SGTS continues to provide evidence based effective therapy for all south Australians affected by problem gambling and gaming!
A Recent article in the medicSA magazine about us.
Gambling landscape changes
Internet gambling inquiry for SA
Internet gambling was in the spotlight recently with South Australia’s Independent Gambling Authority (IGA) launching a community consultation about online gambling, calling for submissions and holding a public hearing in August. The AMA(SA) provided the Association’s views on the health impacts of problem gambling, including specific concerns about the rise of interactive gambling, and especially impacts on young people, as outlined in the AMA’s national position statement.
The IGA also indicated it was commencing a review of the Gambling Codes of Practice later this year with a view to possible further regulation. Just what the future holds remains to be seen, however, with the new State Government announcing closure of the Authority in the recent state budget …
Gambling regulation: two become one
The 2018-19 State Budget establishes the Liquor and Gambling Commissioner as the sole regulator of gambling and dissolves the IGA and its Board, saving an estimated $1.7m over the forward estimates.
The Commissioner currently undertakes the day-to-day administrative arrangements and compliance functions relating to commercial gambling. Under the changes, the Commissioner will also be responsible for developing strategies to reduce gambling related harm. In making the reforms, the Government has cited recommendations of the 2016 Administrative Review of Gambling Regulation in SA by Tim Anderson QC.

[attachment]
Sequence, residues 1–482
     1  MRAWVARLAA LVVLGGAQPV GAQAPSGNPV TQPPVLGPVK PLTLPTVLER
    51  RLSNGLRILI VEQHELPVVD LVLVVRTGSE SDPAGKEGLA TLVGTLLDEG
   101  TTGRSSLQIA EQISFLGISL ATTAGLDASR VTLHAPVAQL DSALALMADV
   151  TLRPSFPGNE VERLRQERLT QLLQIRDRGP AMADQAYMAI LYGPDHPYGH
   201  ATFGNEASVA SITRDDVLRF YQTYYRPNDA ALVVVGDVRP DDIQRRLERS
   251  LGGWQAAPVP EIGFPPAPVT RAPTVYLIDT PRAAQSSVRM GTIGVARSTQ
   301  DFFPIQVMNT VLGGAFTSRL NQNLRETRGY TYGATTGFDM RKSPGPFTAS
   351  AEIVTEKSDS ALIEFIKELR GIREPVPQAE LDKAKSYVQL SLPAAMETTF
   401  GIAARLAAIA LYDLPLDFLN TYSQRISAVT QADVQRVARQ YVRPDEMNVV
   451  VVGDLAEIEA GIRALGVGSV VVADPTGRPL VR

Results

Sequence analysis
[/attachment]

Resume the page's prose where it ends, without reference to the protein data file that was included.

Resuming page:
Statewide Gambling Therapy Service saved
Members may recall the AMA(SA)’s strong advocacy to retain the Flinders-based Statewide Gambling Therapy Service, which faced closure after the Department for Communities and Social Inclusion’s Office for Problem Gambling opted to direct the Gamblers Rehabilitation Fund money it ran on to a private psychology firm. International experts testified to the value of SGTS’s work, and particularly its contributions to research with the Flinders Centre for Gambling Research.
After several stays of execution and funding extensions over the past two years the AMA(SA) is glad to report that the service retains funding under the new State Government. It continues to offer free, effective and confidential services, including one-on-one therapy and optional hospital-stay. Its funding is still reduced, however, and the AMA(SA) will continue to advocate for a full restoration, particularly to enable the previous research capacity. The ongoing support for this valued service under the Southern Adelaide Local Health Network is certainly good news for patients and referring doctors.
medicSA, Australian Medical Association (SA) (Volume 31 No 4 September 2018)pp. 22